Soaring Ibis didn’t know what to make of this man’s fighting style, and her confusion only compounded the disadvantage her fatigue had thrown on her. He didn’t fight like anyone she had ever encountered; not even Ravinius or his ilk had prepared her for anything like this. He didn’t just move quickly, like she and Cinder could; he vanished entirely from perception, only to reappear from places he shouldn’t have been able to reach. When he launched that second round of threads and filled the room, she was completely off-guard, and couldn’t even defend herself.
“Who … are you?” she managed to stammer out as his hand touched her cheek. “Why are you doing this?” She couldn’t begin to understand the story he was reciting, either. Though she was pretty certain “she ate them” was not going to end well.
Suddenly, he split into solid clones, enough to fill the room around her on all sides. And then he set upon her with fists and feet, a dozen attacks coming in all at once. Even if she had been able to defend herself, she would have been pummeled viciously. Suspended in the air on some sort of invisible web, she was battered more thoroughly than either Asalis or Naratis had been able to manage.
When the hail of attacks finally stopped, she was gasping for breath, overwhelmed by a hundred sources of pain. Her head hung, but the man gripped her hair and lifted it so that she had to look at him. His eyes were merciless, amused, and he waggled a finger at her. “Didn’t you like my story, Orpheus? I thought you loved old lore?”
“I … found it rather … boring and hackneyed, honestly,” she managed between gasps and coughs.
The man laughed, and jabbed the fingers of his free hand into her head, right behind her ear. He didn’t poison her, exactly, but something immediately felt wrong in her soul, and she would have screamed if she still had the breath. He dropped her hair and let her head hang again as he took a few steps back, and she wrestled with the worst fit of nausea she had ever experienced, as if her body were trying to eject her consciousness.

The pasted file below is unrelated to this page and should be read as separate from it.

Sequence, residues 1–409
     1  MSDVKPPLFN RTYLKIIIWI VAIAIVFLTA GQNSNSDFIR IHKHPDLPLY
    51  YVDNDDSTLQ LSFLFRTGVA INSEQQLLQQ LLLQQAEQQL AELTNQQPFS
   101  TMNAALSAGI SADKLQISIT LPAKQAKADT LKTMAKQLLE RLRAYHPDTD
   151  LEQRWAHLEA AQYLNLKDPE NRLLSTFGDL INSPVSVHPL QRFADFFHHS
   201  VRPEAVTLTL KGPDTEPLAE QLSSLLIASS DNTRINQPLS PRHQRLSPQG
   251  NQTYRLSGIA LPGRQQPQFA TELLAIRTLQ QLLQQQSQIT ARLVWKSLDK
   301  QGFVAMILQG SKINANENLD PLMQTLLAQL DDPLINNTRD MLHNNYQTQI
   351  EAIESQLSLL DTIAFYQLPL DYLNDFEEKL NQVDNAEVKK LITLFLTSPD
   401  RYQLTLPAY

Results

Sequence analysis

“There’s that disrespectful tongue I’m used to. I was beginning to think I might not have the right Solar this time. I mean, I’d still kill you, even if you weren’t Orpheus, but he’s one of the ones I enjoy ending the most, you know?”
“You’re … not a Dragon-Blood. And you’re not … a Solar, or a Lunar. So what-” Mid-sentence, a memory from a distant life came to the fore of Ibis’s mind. Several memories, actually – things that sped by so quickly she couldn’t even make anything out. But her mind knew, somehow. “Sidereals … the Exalted of the Maidens.”
“Give her a treat! She got it in one. I guess this shitpot backwater still learns a few things, despite being obsessed with the Unconquered Sun.” The man turned and walked around the chamber, for all the world as if he were out on an evening stroll. “In the old days, the Dragon-Bloods were our army, and the Lunars our spies and field agents, but we Sidereals were the real stars. We were the masterminds and strategists, the ones who laid the real groundwork for the war against the Primordials. All you Solars had to do was follow our directions, lead the charge, and – most importantly – not fuck it all up.”